Amazon Triple Frontera

We are in an area called Triple Frontera, or Amazon Trapezium, a place where three countries, Brazil, Peru and Colombia, meet.

A border that exists more on maps than in reality, an immense area entirely covered in jungle, where roads do not exist and life takes place exclusively on water. 

Being an unruly frontier, trafficking of drugs, weapons and human beings thrive. Illegal activities have a dramatic impact on the natural ecosystem as well as on the social fabric, contaminating not only the natural environment, but also the local culture.

These lands of the Amazon are inhabited by the Ticuna, Yagua, Cocama and Uitoto indigenous people, communities who are settled along the Amazon River and its tributaries and live in villages built on stilts.

Indigenous spirituality shows a strong connection with the elements of nature. The waters of the river are sacred, and the Uitoto shamans process coca and tobacco leaves to turn them into medicines for the body and the soul. Protection talismans have also a considerable importance in people’s daily lives.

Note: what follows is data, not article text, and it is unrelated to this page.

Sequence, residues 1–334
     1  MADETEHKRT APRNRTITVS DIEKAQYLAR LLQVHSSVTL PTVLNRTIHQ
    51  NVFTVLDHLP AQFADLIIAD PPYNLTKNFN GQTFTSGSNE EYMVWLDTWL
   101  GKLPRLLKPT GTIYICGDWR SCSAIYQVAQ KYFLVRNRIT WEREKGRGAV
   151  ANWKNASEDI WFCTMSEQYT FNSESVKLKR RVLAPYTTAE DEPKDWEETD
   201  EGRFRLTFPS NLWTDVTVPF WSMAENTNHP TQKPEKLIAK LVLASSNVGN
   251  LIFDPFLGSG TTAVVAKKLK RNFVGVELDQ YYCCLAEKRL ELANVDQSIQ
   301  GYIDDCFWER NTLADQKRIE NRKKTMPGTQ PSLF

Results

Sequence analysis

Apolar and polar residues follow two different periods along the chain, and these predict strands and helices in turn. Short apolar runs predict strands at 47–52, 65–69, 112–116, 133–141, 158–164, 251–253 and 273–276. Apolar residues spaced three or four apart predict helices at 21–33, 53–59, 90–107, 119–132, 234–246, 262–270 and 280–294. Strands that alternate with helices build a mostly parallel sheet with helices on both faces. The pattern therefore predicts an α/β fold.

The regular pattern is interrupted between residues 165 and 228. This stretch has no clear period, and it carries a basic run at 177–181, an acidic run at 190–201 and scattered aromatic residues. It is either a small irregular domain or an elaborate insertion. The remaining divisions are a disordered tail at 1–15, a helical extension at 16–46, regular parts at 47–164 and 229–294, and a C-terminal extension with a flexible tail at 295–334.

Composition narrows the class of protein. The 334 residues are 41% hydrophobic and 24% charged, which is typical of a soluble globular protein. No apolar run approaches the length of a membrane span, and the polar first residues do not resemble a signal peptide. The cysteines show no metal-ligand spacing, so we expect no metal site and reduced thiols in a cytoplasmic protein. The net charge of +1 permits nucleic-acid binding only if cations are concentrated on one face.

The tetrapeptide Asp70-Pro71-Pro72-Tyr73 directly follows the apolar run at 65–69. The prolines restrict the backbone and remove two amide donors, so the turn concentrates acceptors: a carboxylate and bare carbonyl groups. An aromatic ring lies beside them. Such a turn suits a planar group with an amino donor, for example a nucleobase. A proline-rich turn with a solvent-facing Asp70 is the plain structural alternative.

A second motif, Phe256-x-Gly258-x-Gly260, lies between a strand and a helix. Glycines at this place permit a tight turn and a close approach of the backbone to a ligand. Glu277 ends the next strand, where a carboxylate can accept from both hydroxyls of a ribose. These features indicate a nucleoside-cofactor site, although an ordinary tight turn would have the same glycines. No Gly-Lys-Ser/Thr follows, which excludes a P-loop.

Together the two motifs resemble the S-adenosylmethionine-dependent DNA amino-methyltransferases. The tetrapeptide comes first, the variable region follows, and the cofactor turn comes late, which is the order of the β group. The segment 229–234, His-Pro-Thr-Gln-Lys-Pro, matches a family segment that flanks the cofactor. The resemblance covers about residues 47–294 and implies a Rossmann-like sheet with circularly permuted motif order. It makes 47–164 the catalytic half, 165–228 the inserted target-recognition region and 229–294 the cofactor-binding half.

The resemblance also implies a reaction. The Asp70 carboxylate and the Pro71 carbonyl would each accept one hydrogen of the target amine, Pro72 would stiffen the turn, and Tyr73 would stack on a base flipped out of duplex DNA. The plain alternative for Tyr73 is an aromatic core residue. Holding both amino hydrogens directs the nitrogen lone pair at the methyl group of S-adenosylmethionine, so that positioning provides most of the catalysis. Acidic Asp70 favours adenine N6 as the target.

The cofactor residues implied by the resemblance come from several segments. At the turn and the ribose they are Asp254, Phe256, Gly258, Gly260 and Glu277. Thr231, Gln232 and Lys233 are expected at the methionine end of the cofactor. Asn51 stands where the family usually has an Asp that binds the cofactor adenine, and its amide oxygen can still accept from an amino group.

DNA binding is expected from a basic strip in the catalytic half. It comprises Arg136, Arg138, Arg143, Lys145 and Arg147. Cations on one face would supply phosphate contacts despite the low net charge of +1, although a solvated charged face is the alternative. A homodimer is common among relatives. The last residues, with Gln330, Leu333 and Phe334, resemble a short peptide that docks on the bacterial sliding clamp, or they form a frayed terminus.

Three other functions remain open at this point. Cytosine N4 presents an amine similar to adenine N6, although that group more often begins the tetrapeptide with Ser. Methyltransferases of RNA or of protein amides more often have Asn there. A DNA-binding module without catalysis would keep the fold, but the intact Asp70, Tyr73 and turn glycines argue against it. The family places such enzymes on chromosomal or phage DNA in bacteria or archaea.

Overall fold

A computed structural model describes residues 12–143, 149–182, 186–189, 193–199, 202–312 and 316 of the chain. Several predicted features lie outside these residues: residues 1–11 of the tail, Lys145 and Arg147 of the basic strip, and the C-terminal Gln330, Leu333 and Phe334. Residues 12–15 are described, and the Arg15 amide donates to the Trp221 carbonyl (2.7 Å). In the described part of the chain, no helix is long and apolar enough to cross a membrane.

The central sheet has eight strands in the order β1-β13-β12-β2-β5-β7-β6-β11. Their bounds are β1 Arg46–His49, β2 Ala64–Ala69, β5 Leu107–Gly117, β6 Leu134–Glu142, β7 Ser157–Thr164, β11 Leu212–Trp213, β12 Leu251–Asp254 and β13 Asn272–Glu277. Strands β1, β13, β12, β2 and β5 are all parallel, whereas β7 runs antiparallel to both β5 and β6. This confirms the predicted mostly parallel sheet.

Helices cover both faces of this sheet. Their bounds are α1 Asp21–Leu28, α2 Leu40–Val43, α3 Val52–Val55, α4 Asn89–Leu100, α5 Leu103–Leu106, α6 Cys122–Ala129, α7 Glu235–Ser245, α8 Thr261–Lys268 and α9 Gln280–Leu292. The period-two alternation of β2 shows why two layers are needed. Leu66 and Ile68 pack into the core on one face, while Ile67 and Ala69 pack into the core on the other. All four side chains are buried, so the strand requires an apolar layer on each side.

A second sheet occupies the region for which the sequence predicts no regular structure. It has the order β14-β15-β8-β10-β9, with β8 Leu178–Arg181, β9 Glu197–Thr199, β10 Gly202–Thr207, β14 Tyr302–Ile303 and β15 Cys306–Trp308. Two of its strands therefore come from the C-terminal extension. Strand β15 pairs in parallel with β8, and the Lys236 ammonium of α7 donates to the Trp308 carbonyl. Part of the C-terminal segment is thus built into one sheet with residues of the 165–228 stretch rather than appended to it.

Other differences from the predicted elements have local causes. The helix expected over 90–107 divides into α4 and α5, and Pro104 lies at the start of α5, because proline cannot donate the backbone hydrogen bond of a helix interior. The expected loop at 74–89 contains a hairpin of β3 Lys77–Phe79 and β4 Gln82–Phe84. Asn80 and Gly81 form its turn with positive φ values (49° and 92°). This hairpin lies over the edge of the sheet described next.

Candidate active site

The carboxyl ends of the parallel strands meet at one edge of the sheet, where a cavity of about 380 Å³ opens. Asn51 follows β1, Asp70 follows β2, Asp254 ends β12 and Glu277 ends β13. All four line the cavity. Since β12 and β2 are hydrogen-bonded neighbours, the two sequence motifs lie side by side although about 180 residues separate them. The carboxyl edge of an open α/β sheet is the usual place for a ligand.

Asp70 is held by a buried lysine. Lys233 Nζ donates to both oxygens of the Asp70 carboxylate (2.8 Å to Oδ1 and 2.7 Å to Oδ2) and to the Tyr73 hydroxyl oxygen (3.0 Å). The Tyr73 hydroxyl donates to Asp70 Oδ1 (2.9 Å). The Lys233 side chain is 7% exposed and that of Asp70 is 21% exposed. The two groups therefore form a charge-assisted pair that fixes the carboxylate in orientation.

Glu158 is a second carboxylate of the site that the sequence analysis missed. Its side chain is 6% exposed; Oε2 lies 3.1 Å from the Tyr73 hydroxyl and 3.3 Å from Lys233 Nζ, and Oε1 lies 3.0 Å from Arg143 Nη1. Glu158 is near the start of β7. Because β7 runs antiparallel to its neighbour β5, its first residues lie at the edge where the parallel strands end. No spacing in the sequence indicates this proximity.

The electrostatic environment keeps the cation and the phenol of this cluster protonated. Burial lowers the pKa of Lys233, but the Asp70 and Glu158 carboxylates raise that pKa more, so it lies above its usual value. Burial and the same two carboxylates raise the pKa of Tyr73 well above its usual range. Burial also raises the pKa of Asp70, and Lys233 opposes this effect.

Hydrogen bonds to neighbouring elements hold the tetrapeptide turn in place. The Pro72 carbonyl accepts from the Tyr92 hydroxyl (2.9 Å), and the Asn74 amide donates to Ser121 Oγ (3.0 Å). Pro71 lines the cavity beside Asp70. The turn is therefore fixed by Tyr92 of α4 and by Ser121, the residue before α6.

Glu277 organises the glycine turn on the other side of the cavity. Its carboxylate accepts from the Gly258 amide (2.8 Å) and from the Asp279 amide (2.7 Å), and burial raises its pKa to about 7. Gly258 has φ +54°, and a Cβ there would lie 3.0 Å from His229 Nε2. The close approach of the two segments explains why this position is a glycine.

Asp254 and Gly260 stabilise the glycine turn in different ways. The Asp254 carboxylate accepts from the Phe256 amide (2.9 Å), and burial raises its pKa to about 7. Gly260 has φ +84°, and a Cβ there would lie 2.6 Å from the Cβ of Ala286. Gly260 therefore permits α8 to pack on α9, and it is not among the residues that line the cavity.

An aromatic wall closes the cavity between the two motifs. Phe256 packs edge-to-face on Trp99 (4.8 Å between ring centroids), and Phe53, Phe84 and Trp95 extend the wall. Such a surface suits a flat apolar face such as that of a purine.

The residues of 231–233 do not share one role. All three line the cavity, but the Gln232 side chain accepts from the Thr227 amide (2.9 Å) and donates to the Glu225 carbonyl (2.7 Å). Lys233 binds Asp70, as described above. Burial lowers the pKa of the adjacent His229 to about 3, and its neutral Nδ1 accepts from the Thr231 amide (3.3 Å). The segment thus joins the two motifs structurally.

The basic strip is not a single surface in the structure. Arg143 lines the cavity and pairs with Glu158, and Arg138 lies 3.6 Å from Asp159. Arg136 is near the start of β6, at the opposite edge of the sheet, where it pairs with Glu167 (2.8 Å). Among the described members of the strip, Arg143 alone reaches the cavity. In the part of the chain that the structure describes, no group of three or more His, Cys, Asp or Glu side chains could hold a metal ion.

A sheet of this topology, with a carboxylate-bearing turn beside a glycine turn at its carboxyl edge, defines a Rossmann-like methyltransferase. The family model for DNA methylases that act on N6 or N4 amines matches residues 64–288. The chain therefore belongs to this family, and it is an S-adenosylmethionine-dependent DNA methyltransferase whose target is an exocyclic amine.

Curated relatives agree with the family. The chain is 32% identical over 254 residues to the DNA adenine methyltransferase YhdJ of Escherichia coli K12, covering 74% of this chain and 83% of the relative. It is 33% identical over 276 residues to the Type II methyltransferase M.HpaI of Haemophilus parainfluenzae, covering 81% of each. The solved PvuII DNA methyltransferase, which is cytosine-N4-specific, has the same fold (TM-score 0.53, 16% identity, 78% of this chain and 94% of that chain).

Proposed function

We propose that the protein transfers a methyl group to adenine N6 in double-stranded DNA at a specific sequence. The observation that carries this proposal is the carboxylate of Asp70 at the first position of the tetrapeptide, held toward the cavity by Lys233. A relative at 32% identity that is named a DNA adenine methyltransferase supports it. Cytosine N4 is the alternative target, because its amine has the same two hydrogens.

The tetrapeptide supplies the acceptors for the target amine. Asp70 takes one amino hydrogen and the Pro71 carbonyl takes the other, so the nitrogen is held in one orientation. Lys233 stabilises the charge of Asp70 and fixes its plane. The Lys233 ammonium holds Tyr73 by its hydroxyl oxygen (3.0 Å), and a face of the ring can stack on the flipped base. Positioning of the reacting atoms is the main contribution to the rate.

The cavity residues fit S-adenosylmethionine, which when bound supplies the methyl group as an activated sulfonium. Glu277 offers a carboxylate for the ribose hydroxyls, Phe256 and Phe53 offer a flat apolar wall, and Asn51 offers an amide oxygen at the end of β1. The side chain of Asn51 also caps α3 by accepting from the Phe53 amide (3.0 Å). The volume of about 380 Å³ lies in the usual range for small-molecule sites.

It is precisely through these manifestations and rituals that the peoples of the Amazon preserve their cultural and spiritual identity.

The indigenous people rely on the elements of the ecosystem for their livelihood:

“We depend on water both spiritually and materially, in every aspect of our existence; everything happens through it. We ask spirits for permission to enter the jungle,” says Alex Falcon Rubio, a Ticuna indigenous man, born to a Peruvian mother and a Brazilian father.

As in Brazil, among the indigenous communities of this area too over the last few years the proselytising activity of evangelical missionaries has increased in intensity and influence.

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